Saturday, March 16, 2013

I hire a new guide

The Boa Vista excursion, for all its frustration, was a worthwhile trip.  Considering the matter realistically, I was not an anthropologist and any visit to the Yanomami would have told me more about my guides than it would about the Indians, and I was prepared to talk with the priests and religious working with the Indians and got something of value out of that.  And I had not actually thought Boa Vista was going to be that much of a trip.  I had thought I would go up to the town, bribe an official, get in a pickup and drive out into the forest and see some Indians in a long house and maybe eat a monkey and that would be it.  I expected neither an adventure nor quite that much time spent unproductively and I expected no peril worse than being hissed at by a snake.  
In contrast, the next leg of my trip, where I hoped to go farther west up the Amazon and then down some tributary, was into country I had read or heard nothing about.  I would be going to small river towns and settlements in the roadless forest that didn’t appear on my map and I would be a stranger amidst Indians and caboclos and who knew what sort who lived along the water or deeper in the jungle where the law’s writ did not run.  I plainly had no business wandering around in those parts by myself and needed a guide. 

And so I met Ricardo.

I do not now remember how I met him, though I am sure it was on someones recommendation as even I know better that to pick up my guide in a riverfront bar.  Like my last dragoman, Ricardo was of mixed English-Guyanese and Indian descent which despite my last experience I still thought to be a recommendation.  He showed me his government-issued ID card with a picture that looked like several million other Brasilians.  “It fell into the river,” he explained.  People in Latin America never seem to drop anything; the thing always seems to fall of its own misadventure.   But he appeared trustworthy enough and exuded the confidence all guides do when you first meet them and we agreed that we would continue up the River to the town of Tefé, where he happened to live, and from there go up the Rio Tefé until I had seen enough trees.  Since I knew nothing of the area, that seemed specific enough for me. 
     After Ricardo left I started to worry.  No one either in Brasil or in the United States knew where I was and I was planning to go off alone into the jungle with someone I did not know in a part of the world where I constantly heard stories of violence and lawlessness and bodies were easy to dispose of.  Was this really a good idea?

This is not the first time I had felt a cold whiff of paranoia down my neck when I was traveling, as I prefer to travel alone and with a vague itinerary and to places where the Law’s hand does not too heavily rest.  But if I have no actual friends in a place, I may still have an imaginary one. 

When I was six or seven years old I had an imaginary friend, a cowboy named Ringo.  When traveling alone in a Latin country, I also sometimes have an imaginary friend, Col. Vargas of the Policía Nacional.  I might take a real name from the newspapers, but Col. Vargas is my old standby.  You do not have to know Col. Vargas to be able to picture him: his crisp uniform and polished boots and reflecting sunglasses, his evil sneer and hearty, shiver-inducing laugh.  He is a man who you well know would leave no stone unturned, or fingernail unextracted, should any harm come to his good friend.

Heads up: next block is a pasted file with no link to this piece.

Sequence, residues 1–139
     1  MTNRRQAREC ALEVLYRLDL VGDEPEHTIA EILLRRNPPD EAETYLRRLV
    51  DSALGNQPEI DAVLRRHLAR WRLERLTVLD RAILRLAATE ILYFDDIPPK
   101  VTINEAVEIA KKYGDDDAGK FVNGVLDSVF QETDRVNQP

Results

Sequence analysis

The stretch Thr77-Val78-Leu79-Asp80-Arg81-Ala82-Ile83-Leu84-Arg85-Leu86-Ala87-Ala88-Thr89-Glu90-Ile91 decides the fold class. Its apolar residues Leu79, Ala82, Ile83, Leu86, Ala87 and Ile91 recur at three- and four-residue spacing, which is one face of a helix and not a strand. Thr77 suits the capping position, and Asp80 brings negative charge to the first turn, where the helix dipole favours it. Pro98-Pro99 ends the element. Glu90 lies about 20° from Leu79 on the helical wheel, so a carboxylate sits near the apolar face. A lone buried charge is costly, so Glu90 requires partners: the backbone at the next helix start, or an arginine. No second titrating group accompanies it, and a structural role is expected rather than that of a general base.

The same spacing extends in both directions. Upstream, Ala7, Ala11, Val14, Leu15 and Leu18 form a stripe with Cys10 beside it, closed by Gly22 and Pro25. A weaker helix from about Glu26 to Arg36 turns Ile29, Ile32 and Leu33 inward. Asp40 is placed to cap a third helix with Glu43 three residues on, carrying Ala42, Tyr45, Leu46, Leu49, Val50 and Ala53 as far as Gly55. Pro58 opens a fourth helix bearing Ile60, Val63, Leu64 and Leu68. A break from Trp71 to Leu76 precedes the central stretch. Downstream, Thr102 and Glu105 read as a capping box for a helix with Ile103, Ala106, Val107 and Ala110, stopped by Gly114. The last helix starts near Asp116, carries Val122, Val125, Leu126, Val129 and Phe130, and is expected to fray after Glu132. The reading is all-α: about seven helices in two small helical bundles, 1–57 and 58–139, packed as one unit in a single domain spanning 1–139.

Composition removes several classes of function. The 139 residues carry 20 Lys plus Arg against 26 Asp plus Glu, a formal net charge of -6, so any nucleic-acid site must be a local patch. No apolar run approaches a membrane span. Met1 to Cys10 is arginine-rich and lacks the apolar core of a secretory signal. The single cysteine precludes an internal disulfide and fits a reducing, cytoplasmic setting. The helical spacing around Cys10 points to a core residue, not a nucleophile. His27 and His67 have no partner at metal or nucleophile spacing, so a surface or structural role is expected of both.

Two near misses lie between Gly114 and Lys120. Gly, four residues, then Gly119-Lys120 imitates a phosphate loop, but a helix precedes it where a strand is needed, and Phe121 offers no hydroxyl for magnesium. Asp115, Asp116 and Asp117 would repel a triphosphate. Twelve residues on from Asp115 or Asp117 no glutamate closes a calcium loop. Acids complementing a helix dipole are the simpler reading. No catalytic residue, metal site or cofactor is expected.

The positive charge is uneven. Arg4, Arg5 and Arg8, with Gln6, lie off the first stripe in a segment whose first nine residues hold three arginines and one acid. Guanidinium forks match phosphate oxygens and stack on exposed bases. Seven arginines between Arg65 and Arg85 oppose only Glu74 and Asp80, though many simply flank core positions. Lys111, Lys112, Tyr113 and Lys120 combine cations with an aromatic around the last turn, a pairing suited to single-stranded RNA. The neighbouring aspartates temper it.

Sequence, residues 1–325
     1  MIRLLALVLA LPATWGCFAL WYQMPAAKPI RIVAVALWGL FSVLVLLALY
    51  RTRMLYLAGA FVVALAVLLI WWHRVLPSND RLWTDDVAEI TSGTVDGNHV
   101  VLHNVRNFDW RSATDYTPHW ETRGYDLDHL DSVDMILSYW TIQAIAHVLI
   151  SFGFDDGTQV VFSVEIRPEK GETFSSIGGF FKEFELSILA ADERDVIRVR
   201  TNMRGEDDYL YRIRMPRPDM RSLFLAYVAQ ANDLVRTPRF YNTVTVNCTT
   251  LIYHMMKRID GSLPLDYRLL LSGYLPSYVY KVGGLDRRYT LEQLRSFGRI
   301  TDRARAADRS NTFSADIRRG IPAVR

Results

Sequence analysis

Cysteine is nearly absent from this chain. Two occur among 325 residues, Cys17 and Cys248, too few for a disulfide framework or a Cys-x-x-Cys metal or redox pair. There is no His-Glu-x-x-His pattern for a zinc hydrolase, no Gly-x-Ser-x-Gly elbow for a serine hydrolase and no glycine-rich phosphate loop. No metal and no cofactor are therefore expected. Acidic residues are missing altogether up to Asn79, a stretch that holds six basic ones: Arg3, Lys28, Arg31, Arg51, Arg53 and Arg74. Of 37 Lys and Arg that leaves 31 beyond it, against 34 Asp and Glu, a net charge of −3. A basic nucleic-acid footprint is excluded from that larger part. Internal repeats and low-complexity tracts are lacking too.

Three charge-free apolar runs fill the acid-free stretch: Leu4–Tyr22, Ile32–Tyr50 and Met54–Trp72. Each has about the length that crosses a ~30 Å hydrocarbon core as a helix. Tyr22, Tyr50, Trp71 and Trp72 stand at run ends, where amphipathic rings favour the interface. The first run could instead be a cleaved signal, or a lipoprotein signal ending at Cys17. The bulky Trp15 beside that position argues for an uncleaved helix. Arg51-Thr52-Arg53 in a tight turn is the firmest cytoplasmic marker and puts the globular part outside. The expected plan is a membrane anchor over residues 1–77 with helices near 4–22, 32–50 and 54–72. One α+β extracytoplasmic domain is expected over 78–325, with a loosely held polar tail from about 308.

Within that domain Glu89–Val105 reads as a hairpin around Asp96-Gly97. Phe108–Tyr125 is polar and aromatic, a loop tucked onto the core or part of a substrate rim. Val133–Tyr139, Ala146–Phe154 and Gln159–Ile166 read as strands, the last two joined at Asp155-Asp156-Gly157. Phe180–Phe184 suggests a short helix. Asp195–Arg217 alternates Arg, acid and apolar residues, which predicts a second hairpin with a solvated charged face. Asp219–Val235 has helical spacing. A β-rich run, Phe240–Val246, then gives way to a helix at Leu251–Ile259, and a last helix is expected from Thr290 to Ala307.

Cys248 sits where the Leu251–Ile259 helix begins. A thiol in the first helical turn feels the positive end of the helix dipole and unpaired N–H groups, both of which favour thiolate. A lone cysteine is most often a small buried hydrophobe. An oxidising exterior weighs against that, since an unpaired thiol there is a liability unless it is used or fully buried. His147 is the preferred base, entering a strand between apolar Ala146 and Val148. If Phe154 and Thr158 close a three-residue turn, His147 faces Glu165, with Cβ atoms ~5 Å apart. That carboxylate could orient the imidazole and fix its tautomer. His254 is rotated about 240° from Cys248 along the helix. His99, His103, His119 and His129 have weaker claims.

There are times in casual conversation when I might bring up the Colonel’s name.  
     “As I said to my good friend, Col. Vargas . . .”

Of course, there may turn out to be a real Col. Vargas, in which case there may be complications.
     “Oh, no.  A thousand pardons.  I do not speak your language well.  I did not mean to say ‘amigo’.  I meant to say ‘enemigo’.  I am a very great enemy of the despicable Col. Vargas.  Ptuii . . .!  I spit upon him.”

Not wishing to trust myself entirely to the protection of Col. Vargas, I phoned the U.S. Consul in Manaus to check in and see if there was anything I ought to know and whether I ought to be concerned about going off into the jungle with some stranger.

     “Watch out for Indian attacks,” he said.  Then he paused and laughed.  Consular humor.  Another North American too long in a hot climate.

     “No problem.  It’s beautiful country.  Have fun.”

     Undoubtedly a political appointee.

Since it was obviously just going to be me and Col. Vargas, I put everything of value in the hotel safe (it wasn’t really a safe, it was more of a closet behind the front desk, but what are you going to do?) and resolved to complain frequently about how little money I had with me and how my valuables were back in Manaus and generally make sure that my guide understood that I was worth more alive than dead.

I may not find a place for this detail at the end of the trip, but it is too delicious not to tell:  When I passed through Manaus several weeks later I found an article in the local newspaper involving the large number of tourists who had disappeared or been murdered by jungle guides.  The accompanying photograph showed the U.S. Consul looking very serious as he studied a large pile of file folders concerning tourists who had disappeared into the jungle with local guides and never been seen again.

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